It's been almost a year, but Benjamin Markowitz still has trouble believing his childhood friends could have kidnapped and killed his younger brother.
"In my worst nightmares, I never would have thought that that would have happened," Markowitz, 23, said last week in an interview.
It was a brazen crime that stunned the West Valley, where most of the young suspects had grown up. They'd played baseball together on the well-groomed fields of a private league. They had known each other--and Ben--for years.
No one could have imagined that one day last summer a few of the old buddies allegedly would throw Nicholas Markowitz, 15, into a van and hold him against his will. Eventually, the group would come to the twisted conclusion that killing the teenager was the only way to spare themselves a kidnapping prosecution, authorities said.
Friends Were Drawn In by Charismatic Leader
To hear Benjamin Markowitz tell it, the crime was probably just a terrible mistake, a spur-of-the-moment retaliation by his friends that spiraled out of control. Markowitz said the young men he knew, now jailed on murder charges, were not people to be feared. They were more like tough-guy wannabes, suburban kids who got drawn in by a charismatic and troublesome leader named Jesse James Hollywood.
But the end result was that Markowitz's younger half-brother was shot multiple times in the head and buried in a shallow grave outside Santa Barbara. Markowitz said in an extended interview that it was his attempts to straighten out his life--leaving behind his old friends and their life of drug dealing--that angered Hollywood and the others, triggering the deadly events.
Markowitz has had plenty of time to comb through the past and ponder his relationships with the young men accused of killing Nicholas. He was arrested in February for two unrelated armed robberies and pleaded no contest to one count of felony attempted robbery. He is being held in Men's Central Jail in downtown Los Angeles, awaiting transfer to a state prison to serve up to 16 months.
In a jailhouse interview, an unshaven and tattooed Markowitz appeared far more composed than he did last summer, when he appeared on television and tearfully blamed himself for Nicholas' death. He spoke about his short-lived effort to reform himself after his years of crime. He has told authorities that he used to buy and sell $30,000 worth of marijuana a month. He said he bought it from Hollywood, a popular onetime high school baseball player.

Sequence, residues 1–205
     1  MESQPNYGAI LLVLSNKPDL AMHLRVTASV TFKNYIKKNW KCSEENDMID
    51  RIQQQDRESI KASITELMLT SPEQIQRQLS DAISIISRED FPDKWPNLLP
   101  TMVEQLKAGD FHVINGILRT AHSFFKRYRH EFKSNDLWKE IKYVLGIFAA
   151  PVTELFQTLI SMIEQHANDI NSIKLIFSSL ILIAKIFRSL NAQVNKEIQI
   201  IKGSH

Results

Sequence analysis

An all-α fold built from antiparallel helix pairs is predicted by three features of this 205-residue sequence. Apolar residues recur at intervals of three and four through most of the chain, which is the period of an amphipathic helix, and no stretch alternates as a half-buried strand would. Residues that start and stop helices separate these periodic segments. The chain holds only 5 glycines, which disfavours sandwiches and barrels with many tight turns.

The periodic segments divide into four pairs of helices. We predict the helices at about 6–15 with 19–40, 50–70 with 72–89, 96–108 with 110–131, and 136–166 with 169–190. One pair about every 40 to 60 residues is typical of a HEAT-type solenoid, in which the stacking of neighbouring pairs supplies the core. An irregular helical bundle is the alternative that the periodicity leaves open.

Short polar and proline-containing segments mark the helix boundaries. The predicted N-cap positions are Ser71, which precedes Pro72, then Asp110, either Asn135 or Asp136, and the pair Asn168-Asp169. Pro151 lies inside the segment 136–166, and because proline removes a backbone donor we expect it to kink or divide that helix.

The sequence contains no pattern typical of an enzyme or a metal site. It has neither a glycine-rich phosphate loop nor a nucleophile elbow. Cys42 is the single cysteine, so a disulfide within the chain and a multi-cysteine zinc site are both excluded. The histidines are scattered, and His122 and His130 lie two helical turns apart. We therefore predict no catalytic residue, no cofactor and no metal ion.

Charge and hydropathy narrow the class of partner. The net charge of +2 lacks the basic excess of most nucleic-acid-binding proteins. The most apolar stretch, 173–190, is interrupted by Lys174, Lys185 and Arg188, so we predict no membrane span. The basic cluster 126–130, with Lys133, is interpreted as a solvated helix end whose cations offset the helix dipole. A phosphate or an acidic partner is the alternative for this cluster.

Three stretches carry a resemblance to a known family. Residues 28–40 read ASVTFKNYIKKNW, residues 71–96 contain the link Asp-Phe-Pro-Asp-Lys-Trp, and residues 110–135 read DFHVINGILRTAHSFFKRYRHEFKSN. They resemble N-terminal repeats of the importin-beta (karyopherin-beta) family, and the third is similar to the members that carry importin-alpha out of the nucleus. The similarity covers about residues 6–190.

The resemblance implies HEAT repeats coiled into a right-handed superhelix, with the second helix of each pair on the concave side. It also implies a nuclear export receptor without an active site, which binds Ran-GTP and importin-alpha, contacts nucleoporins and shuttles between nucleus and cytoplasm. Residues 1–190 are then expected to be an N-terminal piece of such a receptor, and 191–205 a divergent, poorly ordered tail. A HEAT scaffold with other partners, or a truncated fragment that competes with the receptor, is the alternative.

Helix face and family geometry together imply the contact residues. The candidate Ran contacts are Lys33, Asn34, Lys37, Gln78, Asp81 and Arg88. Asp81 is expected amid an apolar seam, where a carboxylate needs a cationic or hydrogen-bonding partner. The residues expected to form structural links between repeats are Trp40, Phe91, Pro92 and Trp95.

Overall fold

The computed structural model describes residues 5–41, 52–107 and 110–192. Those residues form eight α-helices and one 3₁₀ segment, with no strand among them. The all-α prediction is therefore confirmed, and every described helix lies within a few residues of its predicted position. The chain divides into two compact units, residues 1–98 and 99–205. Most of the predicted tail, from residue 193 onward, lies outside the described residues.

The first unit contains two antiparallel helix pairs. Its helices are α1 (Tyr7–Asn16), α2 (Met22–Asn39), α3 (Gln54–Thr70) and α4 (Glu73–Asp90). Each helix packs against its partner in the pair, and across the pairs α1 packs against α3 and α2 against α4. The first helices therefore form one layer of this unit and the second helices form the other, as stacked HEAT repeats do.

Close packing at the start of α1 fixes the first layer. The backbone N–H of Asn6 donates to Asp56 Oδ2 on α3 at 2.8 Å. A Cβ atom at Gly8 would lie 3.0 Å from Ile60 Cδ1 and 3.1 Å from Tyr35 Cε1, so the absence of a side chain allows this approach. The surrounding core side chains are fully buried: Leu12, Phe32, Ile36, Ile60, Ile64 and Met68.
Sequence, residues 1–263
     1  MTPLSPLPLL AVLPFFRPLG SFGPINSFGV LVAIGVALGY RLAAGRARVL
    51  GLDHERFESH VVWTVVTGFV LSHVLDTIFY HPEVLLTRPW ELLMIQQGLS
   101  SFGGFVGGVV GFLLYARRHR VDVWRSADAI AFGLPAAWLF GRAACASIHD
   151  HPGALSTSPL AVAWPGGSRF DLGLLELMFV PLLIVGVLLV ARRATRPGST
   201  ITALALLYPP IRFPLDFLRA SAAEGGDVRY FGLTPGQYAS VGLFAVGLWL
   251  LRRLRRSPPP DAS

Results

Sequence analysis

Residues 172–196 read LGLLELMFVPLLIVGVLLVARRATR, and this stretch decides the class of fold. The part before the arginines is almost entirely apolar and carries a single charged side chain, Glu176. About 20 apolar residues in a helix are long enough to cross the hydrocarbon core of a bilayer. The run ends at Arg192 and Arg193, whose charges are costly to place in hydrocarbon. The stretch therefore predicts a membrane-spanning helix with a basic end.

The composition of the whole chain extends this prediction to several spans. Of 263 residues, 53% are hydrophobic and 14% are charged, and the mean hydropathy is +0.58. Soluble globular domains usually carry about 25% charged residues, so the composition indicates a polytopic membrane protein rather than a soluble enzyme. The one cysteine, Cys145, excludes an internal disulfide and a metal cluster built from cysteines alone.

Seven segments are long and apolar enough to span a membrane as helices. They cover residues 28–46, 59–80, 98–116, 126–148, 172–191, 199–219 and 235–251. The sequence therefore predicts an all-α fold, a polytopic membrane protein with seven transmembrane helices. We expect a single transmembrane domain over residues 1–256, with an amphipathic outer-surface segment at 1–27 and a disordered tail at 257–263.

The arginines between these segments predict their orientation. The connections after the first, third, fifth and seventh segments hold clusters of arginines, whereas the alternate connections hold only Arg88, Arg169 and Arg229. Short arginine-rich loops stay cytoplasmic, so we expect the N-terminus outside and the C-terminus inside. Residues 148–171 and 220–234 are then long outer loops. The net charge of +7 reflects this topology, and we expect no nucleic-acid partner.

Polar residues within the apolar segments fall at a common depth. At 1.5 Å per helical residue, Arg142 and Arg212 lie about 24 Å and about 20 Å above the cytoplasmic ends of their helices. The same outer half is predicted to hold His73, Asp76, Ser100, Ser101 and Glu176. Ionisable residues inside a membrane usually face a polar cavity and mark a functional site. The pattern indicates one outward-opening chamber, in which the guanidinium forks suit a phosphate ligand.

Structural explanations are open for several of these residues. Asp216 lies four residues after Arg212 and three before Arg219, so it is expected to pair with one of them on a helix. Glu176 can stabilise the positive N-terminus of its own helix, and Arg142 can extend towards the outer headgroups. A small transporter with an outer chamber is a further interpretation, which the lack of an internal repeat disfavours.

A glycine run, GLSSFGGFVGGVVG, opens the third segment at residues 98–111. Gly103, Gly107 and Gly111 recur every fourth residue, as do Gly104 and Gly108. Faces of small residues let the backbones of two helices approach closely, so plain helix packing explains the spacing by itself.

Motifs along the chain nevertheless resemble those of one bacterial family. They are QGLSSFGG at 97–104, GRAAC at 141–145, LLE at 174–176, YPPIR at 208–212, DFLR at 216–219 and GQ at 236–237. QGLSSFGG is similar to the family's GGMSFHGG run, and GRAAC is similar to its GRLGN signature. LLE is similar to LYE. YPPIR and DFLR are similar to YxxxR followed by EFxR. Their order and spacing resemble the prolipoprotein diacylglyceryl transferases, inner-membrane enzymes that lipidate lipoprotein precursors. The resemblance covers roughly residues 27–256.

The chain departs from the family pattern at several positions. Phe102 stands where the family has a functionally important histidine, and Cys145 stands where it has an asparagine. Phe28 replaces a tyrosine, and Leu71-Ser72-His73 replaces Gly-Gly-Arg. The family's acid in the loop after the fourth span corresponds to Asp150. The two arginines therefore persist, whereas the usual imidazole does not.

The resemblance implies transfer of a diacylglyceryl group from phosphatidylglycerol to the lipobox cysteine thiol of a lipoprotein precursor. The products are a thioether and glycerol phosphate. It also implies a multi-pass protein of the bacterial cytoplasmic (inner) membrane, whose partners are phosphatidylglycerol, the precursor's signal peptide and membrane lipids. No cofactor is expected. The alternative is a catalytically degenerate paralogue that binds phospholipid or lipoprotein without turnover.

Markowitz said that nothing in that relationship, however, prepared him for the events that would unfold last August, when Nicholas was kidnapped on a street near his family's West Hills home. The teenager was driven to Santa Barbara, where he was held for a few days before being taken into the mountains outside town and shot to death, authorities said.
Investigators at the time said the boy was abducted and killed in retaliation for a $36,000 drug debt that Benjamin Markowitz owed Hollywood. But Markowitz said the whole story is more complicated and only marginally related to drugs.
Markowitz believes Hollywood, one of five men charged in Nicholas' murder, was not driven by money or drugs. Rather, he was mostly angry because Markowitz had dumped him as a friend and moved on to a cleaner life.
At one point, the pair had worked out daily at a Malibu gym. But Markowitz said he stopped selling drugs. He moved into his dad's West Hills home and was working as a machinist in the family aerospace business. His new early morning schedule did not leave much time for his longtime friends.
"It was when I stopped hanging out with him and started working with my dad that [Hollywood] really got upset," Markowitz said.
"I was getting on with my life. I was going to get married. I was doing what I thought was the right thing--what I still think was the right thing," he said. "Everything just kind of fell apart."
By last summer, tension with Ben's friends had reached the boiling point. Still, he said he never suspected they would hurt his younger brother, up until the day the boy's body was found buried in the rugged hills east of Santa Barbara.
"The worst possible scenario was that [Hollywood] was just hanging out with my brother and giving him drugs and having him sell drugs for him," he said.
Benjamin Markowitz admitted he sold marijuana and Ecstasy and still owed Hollywood about $1,200. But his old friend seemed to be more angry about the fact that Markowitz had told authorities about an insurance fraud scam. Hollywood had reported one of his cars missing and hoped to collect $36,000--a scheme that was foiled by Markowitz.
This week, investigators confirmed Markowitz's account of the debt.
"That's what Hollywood felt [Markowitz] owed him. His sense of right and wrong was all askew," said Lt. Jeff Klapakis of the Santa Barbara County Sheriff's Department.